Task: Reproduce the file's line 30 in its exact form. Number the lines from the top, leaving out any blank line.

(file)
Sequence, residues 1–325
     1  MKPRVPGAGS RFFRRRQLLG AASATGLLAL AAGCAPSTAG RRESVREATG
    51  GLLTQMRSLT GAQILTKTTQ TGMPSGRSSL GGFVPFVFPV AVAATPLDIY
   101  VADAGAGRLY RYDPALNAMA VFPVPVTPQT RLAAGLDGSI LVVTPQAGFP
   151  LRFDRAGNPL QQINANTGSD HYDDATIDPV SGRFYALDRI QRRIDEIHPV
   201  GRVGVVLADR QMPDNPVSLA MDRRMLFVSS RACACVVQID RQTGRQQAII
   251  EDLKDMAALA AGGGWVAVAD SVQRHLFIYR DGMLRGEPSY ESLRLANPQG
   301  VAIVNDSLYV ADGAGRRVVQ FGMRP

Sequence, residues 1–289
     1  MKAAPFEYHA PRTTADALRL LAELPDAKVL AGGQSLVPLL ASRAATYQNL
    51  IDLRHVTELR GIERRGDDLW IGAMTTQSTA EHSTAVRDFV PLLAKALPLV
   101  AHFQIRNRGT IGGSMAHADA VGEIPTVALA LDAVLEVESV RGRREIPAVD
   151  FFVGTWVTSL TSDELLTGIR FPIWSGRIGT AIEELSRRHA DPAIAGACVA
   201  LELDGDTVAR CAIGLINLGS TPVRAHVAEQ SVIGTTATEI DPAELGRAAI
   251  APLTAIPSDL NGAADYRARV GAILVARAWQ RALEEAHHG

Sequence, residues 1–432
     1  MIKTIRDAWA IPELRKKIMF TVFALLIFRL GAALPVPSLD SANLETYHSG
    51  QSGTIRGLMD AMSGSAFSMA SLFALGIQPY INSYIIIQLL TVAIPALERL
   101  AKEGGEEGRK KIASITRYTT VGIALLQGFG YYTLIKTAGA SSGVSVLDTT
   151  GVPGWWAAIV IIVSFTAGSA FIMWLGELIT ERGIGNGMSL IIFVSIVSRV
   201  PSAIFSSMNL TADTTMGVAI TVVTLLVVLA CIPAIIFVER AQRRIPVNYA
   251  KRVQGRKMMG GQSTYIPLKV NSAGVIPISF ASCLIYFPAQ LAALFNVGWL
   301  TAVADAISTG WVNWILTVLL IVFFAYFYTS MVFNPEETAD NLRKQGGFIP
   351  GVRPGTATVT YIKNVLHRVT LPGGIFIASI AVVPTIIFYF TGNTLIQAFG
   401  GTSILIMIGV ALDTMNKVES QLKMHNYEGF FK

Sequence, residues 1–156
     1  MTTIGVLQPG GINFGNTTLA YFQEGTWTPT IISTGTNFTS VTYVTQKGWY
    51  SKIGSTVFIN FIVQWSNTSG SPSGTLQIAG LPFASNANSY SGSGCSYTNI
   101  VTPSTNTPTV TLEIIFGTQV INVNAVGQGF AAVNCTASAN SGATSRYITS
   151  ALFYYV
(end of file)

   151  ALFYYV